Death on the savannah had suited Harry well. The next thing he knew, the grass was his home. He acquired two Wapisiana wives and settled down to become a trader in the finest fish hooks and trinkets. It was good business, and – after twenty years – he was the most powerful man on the savannah. Not only was he now the father of ten children, he was also a cattle baron, a district commissioner, and the Laird of Dadanawa. It was the largest ranch in the world, and covered an area about the size of the Lowlands of Scotland…

In the course of the story, Evelyn Waugh makes an appearance:

…[Melville’s] semi-feral children had produced plenty of brats of their own. Evelyn Waugh had met several of these grandchildren, when he walked through the Rupununi Savannah in 1933. Waugh disliked most children but to him the Melvilles were particularly beastly. And he may have been right. By 1969 the same grandchildren were numerous and boisterous enough to start a revolution. They rose in revolt, and declared independence from Guyana. But the Republic of the Rupununi lasted only a day before the Guyanese army appeared, and chased most of the Melvilles off into Venezuela. These days, not much remains of Harry’s world, except a handful of thready descendants, and, of course, the ranch at Dadanawa…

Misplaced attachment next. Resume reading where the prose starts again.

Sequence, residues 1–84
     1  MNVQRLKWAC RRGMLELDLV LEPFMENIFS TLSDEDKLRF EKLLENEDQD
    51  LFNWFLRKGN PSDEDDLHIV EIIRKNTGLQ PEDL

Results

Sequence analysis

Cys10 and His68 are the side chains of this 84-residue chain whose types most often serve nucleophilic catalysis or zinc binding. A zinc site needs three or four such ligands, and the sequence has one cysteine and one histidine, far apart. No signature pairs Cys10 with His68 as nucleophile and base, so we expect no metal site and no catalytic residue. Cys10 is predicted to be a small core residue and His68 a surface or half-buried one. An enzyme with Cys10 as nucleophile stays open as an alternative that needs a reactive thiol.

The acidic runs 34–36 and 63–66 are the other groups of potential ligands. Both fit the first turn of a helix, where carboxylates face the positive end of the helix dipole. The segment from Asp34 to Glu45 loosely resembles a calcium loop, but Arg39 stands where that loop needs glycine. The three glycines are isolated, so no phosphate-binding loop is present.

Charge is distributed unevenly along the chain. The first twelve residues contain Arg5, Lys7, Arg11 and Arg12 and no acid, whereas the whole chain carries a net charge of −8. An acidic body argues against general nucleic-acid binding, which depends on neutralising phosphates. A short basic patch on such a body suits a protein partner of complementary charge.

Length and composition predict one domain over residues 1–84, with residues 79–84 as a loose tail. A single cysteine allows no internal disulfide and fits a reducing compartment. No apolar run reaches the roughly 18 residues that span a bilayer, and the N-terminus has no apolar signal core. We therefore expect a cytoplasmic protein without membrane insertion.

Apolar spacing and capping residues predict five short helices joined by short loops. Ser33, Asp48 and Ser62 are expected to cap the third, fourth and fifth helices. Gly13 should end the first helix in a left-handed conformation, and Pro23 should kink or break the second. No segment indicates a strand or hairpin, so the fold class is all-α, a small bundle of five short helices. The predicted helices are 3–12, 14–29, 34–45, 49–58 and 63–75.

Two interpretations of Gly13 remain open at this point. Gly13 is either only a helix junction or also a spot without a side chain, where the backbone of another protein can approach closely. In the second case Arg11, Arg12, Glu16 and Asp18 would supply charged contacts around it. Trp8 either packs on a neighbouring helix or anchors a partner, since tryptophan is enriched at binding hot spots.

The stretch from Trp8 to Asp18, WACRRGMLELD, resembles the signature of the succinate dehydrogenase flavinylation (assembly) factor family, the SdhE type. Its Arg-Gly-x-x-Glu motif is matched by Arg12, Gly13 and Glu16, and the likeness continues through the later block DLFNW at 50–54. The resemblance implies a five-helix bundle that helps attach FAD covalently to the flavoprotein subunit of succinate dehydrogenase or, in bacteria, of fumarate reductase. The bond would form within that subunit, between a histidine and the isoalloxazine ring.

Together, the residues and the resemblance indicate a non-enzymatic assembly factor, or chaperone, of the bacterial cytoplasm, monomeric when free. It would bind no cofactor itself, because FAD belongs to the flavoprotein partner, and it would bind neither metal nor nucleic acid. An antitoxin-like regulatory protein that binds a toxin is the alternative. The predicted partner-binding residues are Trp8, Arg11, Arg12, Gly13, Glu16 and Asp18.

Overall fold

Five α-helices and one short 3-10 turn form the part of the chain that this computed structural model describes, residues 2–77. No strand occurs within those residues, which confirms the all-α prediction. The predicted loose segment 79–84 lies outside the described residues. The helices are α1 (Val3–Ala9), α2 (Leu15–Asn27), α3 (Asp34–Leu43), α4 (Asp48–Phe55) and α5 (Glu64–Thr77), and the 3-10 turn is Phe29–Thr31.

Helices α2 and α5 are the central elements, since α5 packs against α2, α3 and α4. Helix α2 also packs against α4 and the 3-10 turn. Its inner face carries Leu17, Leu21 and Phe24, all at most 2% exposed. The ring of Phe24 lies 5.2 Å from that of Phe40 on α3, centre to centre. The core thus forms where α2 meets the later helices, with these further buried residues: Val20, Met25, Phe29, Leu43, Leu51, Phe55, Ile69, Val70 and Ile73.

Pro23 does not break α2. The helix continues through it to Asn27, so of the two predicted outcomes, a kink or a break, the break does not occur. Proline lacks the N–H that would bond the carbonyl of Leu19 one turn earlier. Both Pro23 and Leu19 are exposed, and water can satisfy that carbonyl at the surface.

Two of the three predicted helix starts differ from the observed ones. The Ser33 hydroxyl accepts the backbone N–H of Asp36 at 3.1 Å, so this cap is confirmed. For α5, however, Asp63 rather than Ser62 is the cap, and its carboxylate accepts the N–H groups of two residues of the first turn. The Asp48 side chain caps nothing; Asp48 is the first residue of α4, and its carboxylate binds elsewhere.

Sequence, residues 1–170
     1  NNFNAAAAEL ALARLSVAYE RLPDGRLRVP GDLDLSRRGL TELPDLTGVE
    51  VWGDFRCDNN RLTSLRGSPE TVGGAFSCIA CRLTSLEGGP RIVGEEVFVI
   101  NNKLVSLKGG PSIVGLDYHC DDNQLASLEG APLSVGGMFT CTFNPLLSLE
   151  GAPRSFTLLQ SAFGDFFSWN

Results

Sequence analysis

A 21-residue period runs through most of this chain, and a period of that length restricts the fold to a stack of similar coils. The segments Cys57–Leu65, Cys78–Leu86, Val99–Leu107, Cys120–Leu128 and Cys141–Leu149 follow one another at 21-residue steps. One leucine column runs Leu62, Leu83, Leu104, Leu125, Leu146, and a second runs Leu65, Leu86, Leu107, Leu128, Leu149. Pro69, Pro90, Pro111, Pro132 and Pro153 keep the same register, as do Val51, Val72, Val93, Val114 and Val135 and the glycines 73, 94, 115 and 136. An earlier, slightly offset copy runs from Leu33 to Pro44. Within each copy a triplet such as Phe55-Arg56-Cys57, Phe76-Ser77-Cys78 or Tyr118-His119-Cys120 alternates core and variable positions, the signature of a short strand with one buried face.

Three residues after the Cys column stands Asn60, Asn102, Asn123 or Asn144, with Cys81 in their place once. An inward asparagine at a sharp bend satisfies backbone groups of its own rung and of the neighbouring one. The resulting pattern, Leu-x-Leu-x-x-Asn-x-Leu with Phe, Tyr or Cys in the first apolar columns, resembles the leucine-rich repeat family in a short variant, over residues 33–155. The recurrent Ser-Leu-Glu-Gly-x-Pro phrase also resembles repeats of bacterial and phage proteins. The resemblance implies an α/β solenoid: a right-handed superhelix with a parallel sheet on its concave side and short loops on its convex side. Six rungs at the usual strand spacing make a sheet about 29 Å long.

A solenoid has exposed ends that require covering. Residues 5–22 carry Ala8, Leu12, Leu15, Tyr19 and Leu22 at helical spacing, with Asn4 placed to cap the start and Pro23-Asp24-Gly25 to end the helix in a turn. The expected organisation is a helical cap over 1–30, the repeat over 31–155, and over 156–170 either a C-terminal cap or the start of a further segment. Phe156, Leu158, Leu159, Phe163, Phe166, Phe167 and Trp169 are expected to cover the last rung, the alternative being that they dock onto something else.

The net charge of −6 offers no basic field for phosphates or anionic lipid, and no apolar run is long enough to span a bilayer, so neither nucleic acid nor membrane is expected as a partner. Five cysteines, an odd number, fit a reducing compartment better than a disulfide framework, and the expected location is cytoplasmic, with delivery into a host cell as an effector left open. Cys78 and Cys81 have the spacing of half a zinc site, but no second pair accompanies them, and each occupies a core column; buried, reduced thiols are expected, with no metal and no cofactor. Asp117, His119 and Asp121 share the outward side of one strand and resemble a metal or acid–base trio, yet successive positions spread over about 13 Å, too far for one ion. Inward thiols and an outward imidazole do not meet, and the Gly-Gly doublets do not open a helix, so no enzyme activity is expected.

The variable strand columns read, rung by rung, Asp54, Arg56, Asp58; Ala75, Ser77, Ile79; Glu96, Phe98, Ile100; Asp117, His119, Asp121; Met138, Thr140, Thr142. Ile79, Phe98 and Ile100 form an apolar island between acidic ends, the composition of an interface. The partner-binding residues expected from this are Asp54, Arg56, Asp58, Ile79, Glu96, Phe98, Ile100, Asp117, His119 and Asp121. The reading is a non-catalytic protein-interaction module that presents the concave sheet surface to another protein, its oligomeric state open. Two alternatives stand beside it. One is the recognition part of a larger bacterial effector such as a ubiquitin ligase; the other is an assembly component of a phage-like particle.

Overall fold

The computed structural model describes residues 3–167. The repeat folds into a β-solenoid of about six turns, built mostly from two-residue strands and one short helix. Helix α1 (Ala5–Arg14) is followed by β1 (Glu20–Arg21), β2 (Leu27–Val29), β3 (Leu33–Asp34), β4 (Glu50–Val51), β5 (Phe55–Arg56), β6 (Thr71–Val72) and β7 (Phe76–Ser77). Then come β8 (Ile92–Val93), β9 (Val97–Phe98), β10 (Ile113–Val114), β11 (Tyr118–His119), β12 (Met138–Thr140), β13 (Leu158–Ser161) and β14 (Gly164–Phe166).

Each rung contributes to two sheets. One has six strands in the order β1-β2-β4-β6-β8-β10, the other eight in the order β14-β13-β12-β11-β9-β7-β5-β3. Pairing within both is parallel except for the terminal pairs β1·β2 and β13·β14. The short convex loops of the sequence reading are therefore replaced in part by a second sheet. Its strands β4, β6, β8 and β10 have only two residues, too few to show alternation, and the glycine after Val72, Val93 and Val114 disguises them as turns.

See Ninety-Two Days (CWEW, v.22, p. 14) and related annotations.

–In its obituary of Roger Ellis, best known as a Headmaster of Marlborough School where he oversaw the admission of girls, The Times also mentions one of his memories from  college days:

[…] Ellis … won a scholarship to Trinity College, Oxford. There he read history and occupied rooms with a Grinling Gibbons fireplace, though he had to cross two quads to wash. One memorable event was being taken out to tea by Evelyn Waugh, the novelist and godfather of a friend. “I found him terrifying and non-communicative,” Ellis later recalled…